Let’s do some close reading for a moment.
[Insert obligatory shout out to my freshman year writing teacher–what what!]
When you sign up for OkCupid, you effectively acquiesce to Cupid’s wiles. When used together, “Ok” and “Cupid” connote consent.
Yes, friends, I speak from experience.
Think of the functions on the website and app as virtual variants of Cupids’s arrows. When you visit a profile, give a person a rating, send a message or participate in the blind date game, you are performing an act that, much like an arrow, can penetrate a person’s virtual world. Our virtual world and the experiences we have within them have become increasingly important as screens have become our primary mode of communication over the past decade.
[Insert translation: Online dating is okay in the 21st century]
Just because you have the means to enter someone’s world doesn’t mean you can actually hit the mark. The rating system and the Locals function that is specific to the OkCupid app require that the person give you a high rating or “like” you, respectively, before you can send/receive a notification that connects you with one another.
Online dating is just as much of a game as dating the more traditional (and socially acceptable) “Happy Days” way.
Don’t get me wrong, I love “Happy Days”–Richie Cunningham was my first crush (I didn’t realize the show was filmed in the 70s, whoops). Unlike “Happy Days” dating (where there are few, if not any control mechanisms–other than gender roles…but that’s a discussion for another day), the website and app functions in OkCupid provide you with an immediate sense of control over the construction of your “love life” because you have virtual tools to aid you with the process of courtship. But that sense of control is fleeting because you can’t manufacture the response of the other party.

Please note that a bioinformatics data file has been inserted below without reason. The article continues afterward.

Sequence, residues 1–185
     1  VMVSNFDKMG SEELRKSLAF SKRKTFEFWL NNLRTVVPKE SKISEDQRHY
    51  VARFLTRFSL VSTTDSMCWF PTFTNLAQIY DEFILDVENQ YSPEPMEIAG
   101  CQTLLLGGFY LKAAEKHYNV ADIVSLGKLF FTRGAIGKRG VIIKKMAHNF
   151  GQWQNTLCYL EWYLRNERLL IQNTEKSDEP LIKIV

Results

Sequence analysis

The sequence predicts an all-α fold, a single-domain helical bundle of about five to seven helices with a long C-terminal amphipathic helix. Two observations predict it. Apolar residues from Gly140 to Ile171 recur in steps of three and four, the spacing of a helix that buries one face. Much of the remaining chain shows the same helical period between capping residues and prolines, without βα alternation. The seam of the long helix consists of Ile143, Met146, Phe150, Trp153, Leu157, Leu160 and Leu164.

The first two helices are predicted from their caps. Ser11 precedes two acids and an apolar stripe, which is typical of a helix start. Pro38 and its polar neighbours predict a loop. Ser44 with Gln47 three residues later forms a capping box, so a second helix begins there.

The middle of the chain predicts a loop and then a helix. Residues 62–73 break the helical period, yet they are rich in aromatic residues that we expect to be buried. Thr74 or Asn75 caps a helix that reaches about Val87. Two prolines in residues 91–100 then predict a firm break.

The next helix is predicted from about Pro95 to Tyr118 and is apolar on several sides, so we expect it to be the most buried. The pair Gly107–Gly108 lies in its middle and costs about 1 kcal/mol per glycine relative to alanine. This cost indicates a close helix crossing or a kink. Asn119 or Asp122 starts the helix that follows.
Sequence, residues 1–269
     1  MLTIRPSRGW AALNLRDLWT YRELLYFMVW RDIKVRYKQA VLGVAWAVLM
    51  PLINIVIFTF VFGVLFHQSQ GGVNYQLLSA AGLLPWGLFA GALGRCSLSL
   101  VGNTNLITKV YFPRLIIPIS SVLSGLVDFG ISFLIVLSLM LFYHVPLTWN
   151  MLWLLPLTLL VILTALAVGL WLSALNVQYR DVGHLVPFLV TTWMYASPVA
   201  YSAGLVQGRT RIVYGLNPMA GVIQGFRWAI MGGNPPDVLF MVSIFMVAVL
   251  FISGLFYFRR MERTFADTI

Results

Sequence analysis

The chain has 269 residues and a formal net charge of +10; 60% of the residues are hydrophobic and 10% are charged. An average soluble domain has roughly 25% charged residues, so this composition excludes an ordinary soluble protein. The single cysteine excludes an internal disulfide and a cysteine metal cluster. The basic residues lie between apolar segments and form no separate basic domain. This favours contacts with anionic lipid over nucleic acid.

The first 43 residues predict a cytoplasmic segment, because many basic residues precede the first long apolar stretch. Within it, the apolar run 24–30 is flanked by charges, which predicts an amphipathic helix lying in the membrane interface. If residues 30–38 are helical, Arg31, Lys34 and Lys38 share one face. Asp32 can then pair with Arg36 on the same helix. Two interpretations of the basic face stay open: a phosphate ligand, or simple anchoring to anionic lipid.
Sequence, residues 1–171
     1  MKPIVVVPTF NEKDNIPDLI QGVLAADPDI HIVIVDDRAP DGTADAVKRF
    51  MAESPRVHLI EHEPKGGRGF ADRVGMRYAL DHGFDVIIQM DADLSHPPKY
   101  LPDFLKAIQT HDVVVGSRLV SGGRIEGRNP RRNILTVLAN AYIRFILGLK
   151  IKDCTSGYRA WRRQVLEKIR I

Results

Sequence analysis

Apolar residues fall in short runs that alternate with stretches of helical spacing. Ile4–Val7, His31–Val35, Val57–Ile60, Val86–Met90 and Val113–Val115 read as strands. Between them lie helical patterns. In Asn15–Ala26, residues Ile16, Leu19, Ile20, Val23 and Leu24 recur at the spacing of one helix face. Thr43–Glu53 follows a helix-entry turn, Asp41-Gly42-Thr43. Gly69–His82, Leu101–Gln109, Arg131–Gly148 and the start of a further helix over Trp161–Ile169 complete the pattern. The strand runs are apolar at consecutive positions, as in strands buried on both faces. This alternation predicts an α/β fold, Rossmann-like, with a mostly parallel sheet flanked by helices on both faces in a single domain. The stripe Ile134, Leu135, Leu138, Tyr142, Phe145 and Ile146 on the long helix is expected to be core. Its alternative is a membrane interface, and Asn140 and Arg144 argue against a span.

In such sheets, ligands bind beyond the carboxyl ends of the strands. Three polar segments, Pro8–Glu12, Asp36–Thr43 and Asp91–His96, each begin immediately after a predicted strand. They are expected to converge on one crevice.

Let me just start by saying that I didn’t start on OkCupid. I actually used an app called LetsDate because Facebook suggested it to me. Facebook told me that it could help me meet “cool, alternative guys with tattoos.” I’m 23, I graduated from college with honors, I’m a culture snob and like to use words like “space” “construct” and “heteronormative”–SO NATURALLY, I WOULD BLINDLY FOLLOW FACEBOOK.
I honestly don’t know why I finally gave in to the persistent advertisements for Let’s Date, but I don’t regret it at all. And Facebook actually wasn’t that off base. I did meet interesting guys with tattoos. More importantly, though, the men I have met have all taught valuable lessons about how we fill our lives as we move through our twenties.
And on that note, I would like to share some highlights from my online dating experience so far (no my friends, I have not given up yet), as well as some weird lessons (coping mechanisms?) I have learned along the way:
– If a date is uncomfortable, what do you do? JUST MAKE OUT. It’s a great temporary fix. I learned this rule very early on. Not sure what to say? Unsure about how the date is going? Fool around a bit. It gives you a reason to giggle, smile and then walk away feeling a little bit satisfied, even if you never see that person again.